|I'll Get By|
|Directed by||Richard Sale|
|Produced by||William Perlberg|
|Screenplay by||Mary Loos|
|Story by||Robert Ellis|
|Music by||Lionel Newman|
|Cinematography||Charles G. Clarke|
|Edited by||J. Watson Webb Jr.|
|Distributed by||20th Century Fox|
|Box office||$2,450,000 (US rentals)|
This story follows themes explored in 1940's Tin Pan Alley, with updated characters and music. The plot revolves around songwriters and their struggles in the music industry.
Song plugger Bill Spencer runs into Liza Martin, literally. He slams a door into her accidentally while rushing to bring a new recording to Peter Pepper, an influential New York disc jockey. The record breaks.
After he is fired, Bill opens his own music publishing business. He hires a secretary, Miss Murphy, and gains a partner in Freddy Lee, a young man from Texas, with whom he peddles a song that piano player Chester Dooley has written. They hear the singer Terry Martin is performing with trumpeter Harry James at a club, so they go there to pitch the song to her. Terry's sister is also in the act; she is Liza, the girl Bill once awkwardly met.
Freddy annoys Terry but the girls like the song, "I'll Get By," and agree to record it. Before long, it and they become huge successes. But, before a benefit in Hollywood, when the actress Jeanne Crain asks to perform the song, Bill says no because he promised it to Liza, but behind his back, Freddy agrees to let the actress have it. A furious Liza leaves Bill and refuses to listen to his attempts to explain.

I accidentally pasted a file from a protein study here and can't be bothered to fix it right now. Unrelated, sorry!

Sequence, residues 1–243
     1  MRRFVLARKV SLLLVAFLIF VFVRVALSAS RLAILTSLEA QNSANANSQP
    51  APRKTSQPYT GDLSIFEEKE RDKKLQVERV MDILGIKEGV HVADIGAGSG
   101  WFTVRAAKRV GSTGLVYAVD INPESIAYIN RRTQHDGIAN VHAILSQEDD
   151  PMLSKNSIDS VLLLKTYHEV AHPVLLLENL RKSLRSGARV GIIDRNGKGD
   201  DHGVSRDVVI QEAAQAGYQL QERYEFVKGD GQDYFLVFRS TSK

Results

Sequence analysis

The boys are drafted into the Marines, and when they report to a San Diego base, they run into Miss Murphy, who is now stationed there as an officer. After the boys ship out for duty, Miss Murphy goes out of her way to explain to Liza and Terry what happened with the song. The girls go on a USO show tour to the South Pacific where the guys have been sent, and all are reunited.
- June Haver as Liza Martin
- William Lundigan as William Spencer
- Gloria DeHaven as Terry Martin
- Dennis Day as Freddy Lee
- Thelma Ritter as Miss Murphy
- Harry James as Harry James (himself)
- Jeanne Crain as Jeanne Crain (herself)
- Steve Allen as Peter Pepper
- Harry Antrim as Mr. Olinville
- Danny Davenport as Chester Dooley
- Dan Dailey as Pvt. Dan Dailey (himself)
- 'The Top Box Office Hits of 1950', Variety, January 3, 1951
- Aubrey Solomon, Twentieth Century-Fox: A Corporate and Financial History Rowman & Littlefield, 2002 p 223